10 Reasons Why You Should Not Buy Acne Treatments from Doctors

Acne affects people regardless of age, gender, or race. For example, consider the following statistics: 60 million Americans have active acne (20 percent of whom are adults); of the 85 percent of young adults (between ages 12 and 24) who suffer from acne, 25 percent will have permanent scars from acne. Clearly, acne is a problem that affects many peopl(http://www.nuskin.com/corp/

I personally, have almost always had a peaches and cream complexion. But about the same time I became seriously ill, and was finally diagnosed with Chron’s Disease, I suffered a really bad outbreak of adult acne, on my face, back and chest. I don’t know if it was the medicines I had to take, or the illness, it’s self. But, I took my problems to my doctor. I then took part, in some pretty controversial, but standard practices regarding skin care for acne.

1. I was put on long term and high doses of antibiotics to clear up my skin. I was told this was totally safe and acceptable. But if you visit: http://www.antibiotics.org, you will find a starting point to research some of the reasons why you should think long and hard before taking antibiotics for acne. I was on steroids at the time, and was not aware that should also be considered, when prescribing antibiotics for something as simple as acne. Digestive problems can happen, when antibiotics are not selective in what they attack in your system. In fact, you can end up reducing the normal gastrointestinal flora and fauna, diminishing your absorption of vital nutrients. Some people believe that if you simply add live yogurt cultures to your diet, all will be well. That is not always true. Currently, one of the most popular acne treatments using an antibiotic, is involved in a class action suit, with problems as extreme as suicidal thoughts.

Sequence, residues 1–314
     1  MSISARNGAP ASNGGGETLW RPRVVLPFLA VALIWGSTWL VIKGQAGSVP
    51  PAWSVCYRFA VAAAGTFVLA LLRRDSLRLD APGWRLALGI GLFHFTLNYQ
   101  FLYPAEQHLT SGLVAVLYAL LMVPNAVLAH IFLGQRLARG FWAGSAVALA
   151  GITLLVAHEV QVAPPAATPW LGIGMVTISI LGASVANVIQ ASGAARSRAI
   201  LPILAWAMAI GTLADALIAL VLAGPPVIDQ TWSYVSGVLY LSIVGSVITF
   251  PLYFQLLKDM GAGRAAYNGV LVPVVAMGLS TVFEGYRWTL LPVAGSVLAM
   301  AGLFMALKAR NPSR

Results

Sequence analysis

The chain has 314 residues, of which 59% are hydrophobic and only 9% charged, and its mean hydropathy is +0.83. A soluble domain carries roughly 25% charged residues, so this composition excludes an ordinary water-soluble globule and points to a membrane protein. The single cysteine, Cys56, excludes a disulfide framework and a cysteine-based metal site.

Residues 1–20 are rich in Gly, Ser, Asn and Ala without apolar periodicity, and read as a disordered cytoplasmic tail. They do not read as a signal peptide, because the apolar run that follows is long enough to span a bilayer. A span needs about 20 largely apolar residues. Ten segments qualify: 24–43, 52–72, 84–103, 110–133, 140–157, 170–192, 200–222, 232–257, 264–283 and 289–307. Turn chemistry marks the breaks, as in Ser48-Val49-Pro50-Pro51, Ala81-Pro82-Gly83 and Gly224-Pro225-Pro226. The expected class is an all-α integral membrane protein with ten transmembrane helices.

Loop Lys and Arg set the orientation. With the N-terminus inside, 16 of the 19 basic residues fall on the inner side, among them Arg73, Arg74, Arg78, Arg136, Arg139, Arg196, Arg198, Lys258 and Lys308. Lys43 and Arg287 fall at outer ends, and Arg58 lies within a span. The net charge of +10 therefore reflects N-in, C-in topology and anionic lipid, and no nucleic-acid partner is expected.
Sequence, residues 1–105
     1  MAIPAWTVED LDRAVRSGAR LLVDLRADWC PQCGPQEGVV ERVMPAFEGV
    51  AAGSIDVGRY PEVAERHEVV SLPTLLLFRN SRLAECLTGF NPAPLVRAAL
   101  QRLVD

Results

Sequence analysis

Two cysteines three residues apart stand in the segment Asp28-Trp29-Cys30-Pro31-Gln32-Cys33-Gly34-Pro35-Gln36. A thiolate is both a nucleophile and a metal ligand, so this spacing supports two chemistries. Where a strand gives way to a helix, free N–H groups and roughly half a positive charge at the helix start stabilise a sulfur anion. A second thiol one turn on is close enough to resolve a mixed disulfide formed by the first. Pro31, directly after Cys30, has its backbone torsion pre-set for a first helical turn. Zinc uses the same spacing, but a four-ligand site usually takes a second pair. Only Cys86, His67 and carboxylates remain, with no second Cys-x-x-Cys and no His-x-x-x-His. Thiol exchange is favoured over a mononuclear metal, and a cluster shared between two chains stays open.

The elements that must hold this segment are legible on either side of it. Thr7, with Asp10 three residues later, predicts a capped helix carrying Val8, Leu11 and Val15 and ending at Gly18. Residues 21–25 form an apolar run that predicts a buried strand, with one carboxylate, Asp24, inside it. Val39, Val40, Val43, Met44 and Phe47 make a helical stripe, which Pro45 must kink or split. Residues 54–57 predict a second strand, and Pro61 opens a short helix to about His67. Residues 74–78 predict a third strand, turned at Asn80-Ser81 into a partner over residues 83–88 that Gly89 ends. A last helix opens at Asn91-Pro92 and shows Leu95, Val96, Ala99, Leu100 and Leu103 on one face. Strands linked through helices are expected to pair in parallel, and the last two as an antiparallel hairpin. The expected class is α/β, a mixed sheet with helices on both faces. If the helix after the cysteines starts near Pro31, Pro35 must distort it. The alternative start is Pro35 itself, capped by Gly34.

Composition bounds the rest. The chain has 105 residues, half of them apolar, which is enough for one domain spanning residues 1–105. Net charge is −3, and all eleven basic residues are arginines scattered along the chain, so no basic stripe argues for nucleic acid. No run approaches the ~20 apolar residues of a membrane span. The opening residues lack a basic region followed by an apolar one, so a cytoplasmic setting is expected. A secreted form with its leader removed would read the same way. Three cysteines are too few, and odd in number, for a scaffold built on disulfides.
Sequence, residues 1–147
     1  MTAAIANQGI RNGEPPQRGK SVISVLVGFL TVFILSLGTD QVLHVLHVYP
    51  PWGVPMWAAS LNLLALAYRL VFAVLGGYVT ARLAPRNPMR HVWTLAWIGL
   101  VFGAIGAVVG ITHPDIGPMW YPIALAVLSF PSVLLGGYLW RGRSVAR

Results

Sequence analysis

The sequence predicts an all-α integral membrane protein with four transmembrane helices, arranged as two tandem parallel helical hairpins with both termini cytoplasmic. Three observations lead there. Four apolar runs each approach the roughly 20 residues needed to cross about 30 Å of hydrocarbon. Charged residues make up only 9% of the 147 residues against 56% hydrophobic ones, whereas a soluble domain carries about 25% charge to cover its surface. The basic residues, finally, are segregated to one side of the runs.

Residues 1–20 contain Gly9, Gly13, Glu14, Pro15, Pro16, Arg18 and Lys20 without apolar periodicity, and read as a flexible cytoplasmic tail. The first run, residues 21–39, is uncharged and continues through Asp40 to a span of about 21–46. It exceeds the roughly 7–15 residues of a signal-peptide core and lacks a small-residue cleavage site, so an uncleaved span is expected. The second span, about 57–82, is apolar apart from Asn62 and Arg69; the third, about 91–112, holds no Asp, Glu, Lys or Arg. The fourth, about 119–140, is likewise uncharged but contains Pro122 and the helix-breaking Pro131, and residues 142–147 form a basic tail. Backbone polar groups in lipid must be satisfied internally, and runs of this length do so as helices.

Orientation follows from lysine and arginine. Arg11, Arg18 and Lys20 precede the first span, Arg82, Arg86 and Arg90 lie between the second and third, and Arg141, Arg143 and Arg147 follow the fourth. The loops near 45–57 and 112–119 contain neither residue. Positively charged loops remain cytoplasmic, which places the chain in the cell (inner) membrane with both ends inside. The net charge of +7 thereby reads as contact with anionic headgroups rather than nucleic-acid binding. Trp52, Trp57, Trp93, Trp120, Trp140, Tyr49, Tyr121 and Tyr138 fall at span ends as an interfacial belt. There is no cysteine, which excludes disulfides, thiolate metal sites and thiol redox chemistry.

2. I was told that I had to change my pillow cases every day, because the oils of my own skin, had bacteria that was re-infecting my own skin. Implying that I was reinfecting myself, on a daily basis. When I found what worked for both my step-children and myself, I stopped doing so much unnecessary laundry. You can not ‘catch’ acne by skin contact, or by using the same flannel or towel as someone with acne. Acne is not infectious. I was not contagious, nor re-infecting myself: http://www.embarrassingproblems.com/spots_b.htm